Holy crap, it’s everywhere and I’m not talking 50 Shades of Grey.
I’m talking about the ‘I’ word: INN-O-VA-TION.
Maybe it’s me but is the use of the word ‘innovation’ to 2012 what ‘boutique’ was to 2011?
“ …blah, blah, blah we are innovative.. blah, blah, blah our innovative legal practice…blah, blah, blah…our innovative lawyers…leading to our firm winning ‘Innovative Law Firm of the Year’ in 2010..blah, blah, blah.”
Everyone is talking about it but if we’re an innovation nation of lawyers everything would look different already surely? For me, just like those naughty little ‘f’ and ‘c’ words when used too often or out of context the impact is lost.
In simple terms innovation is the act of introducing new things or methods. Within a sea of uncertainty, when business planning for greater than 12 months presents a challenge people with big ideas get headlines. New ideas, new concepts, different approaches and strategy statements can educate us all although of course it is very easy to take the ideas of others and shoot them to pieces. It’s a far greater challenge to take the energy of others and turn the light on one’s own behaviours.
If your business does the I-word then I’d profess an opinion: you’re probably not shouting about it because you don’t need to. Your business speaks for itself. It’s ‘doing’ innovation as part of its evolution and it isn’t going to stop.
Already you’ll have created a culture of ideas and a culture of listening; one that says that not all great ideas come from the top, ideas can come from anywhere and from anyone. You’ve recognised that some ideas come at cost whilst some are gifted for free and that the some solutions may not sit within the walls of your business. Everybody within the business has the freedom to behave as a critical friend, questioning the process, challenging the rationale for behaviour and is focused on core values.
Maybe you’ve appointed an Innovation Specialist, a company cheerleader for change but, even better, will have appointed every single member of the team into the role. You’ll have identified the ‘what and who’ that will create a threat to the new environment. Fixed ideas and ways of working, intransigence, apathy or a culture of entitlement will have been considered and a strategy created. Hierarchy based on outdated assumptions, silo-working and emotional investment into historic processes are hurdles to be jumped but you’ll have created a sporting analogy and turned the blinkered 100 meter dash for the finishing line into the 110 meter hurdles. Multi-talented, in this process of change you can run fast AND jump.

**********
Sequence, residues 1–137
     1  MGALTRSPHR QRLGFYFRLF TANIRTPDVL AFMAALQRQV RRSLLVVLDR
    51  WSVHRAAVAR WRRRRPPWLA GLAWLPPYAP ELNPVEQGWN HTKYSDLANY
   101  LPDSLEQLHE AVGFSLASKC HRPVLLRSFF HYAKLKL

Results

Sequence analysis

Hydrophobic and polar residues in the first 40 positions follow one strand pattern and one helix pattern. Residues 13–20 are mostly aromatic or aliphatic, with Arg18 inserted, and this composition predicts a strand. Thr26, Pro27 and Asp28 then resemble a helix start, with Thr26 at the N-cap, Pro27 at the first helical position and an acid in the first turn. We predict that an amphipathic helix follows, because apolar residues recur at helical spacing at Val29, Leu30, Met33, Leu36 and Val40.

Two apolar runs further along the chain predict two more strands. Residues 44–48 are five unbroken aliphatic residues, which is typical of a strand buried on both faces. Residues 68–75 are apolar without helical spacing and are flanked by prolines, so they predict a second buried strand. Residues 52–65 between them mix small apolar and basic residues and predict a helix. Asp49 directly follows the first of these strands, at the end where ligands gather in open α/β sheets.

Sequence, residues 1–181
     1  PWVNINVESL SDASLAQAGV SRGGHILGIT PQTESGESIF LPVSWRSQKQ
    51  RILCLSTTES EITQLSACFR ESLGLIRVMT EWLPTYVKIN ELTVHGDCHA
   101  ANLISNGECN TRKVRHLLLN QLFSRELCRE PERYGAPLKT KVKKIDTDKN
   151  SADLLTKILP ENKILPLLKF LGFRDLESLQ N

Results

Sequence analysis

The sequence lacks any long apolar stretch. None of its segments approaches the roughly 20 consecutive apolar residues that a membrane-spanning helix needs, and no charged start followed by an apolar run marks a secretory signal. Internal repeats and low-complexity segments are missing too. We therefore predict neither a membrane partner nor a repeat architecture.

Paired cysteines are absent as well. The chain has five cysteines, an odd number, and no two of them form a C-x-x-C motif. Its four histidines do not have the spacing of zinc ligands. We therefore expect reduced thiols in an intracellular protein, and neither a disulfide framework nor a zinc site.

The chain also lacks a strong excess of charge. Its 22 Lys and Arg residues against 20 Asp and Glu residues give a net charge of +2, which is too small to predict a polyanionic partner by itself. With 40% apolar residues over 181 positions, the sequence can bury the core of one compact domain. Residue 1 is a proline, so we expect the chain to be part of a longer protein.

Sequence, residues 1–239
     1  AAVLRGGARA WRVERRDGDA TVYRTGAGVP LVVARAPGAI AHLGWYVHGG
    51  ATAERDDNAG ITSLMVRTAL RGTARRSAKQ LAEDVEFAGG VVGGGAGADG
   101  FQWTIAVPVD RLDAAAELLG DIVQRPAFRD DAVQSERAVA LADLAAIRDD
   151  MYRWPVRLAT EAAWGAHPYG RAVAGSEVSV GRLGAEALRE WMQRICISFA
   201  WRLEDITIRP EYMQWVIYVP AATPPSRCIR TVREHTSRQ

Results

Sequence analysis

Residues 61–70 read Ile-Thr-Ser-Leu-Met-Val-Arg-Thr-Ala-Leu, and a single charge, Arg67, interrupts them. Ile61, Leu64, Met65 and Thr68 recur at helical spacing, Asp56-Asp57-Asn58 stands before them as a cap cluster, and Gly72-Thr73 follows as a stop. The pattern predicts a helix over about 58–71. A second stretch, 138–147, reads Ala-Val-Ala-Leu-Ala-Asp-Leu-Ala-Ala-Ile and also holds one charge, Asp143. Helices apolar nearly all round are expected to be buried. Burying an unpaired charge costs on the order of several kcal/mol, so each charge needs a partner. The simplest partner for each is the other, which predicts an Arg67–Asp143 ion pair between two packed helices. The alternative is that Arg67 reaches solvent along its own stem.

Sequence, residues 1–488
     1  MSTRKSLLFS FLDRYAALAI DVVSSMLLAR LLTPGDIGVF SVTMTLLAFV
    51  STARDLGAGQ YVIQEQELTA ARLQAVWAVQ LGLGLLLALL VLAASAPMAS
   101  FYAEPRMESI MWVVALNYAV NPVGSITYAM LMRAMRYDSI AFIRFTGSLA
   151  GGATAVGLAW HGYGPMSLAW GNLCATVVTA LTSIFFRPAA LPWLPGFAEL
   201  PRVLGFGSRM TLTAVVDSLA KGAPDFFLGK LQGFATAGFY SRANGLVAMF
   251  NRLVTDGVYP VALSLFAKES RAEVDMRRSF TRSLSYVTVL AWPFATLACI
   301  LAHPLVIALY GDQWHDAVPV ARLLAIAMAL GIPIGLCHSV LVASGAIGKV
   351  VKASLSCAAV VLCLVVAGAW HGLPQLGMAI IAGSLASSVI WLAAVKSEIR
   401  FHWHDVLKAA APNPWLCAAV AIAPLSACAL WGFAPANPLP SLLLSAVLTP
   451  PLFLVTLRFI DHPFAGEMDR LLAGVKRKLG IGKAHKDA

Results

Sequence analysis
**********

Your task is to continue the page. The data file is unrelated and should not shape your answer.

Innovation doesn’t have to be about the light-bulb moment; the mind blowing sensation mid-way through your morning shower when you stumble on to the legal services equivalent of the ipad experience (although that might be nice, maybe change your shower gel). It is also about the small incremental steps of moving your business from place A to place B. Not innovating the legal world but innovating your business and your people from old order to new order. Doing it through simple questioning: What do we want to achieve? Why do we do it this way? What are the things we cannot change? Could we do it differently? Could we do it better?
While some are talking others are busy doing. They’ve already been through the Gok-style process, stripped their business down to its undies and turned on the strip lighting in front of a 3 way head to toe mirror. They might not have liked what was shining back at them but they’ve seen the bits they’d really rather not see again, recognized the bits that are great and demand focus and the bits that have potential. They see the reflection but they can also ‘image’. Every step from that point on, every change is with that image in mind.
The client experience of these firms may not be a gasp of breath and a staggering look of wonder. It’ll probably be far more subtle than that. An experience of legal services that feels different, feels easier, feels right. I hope so.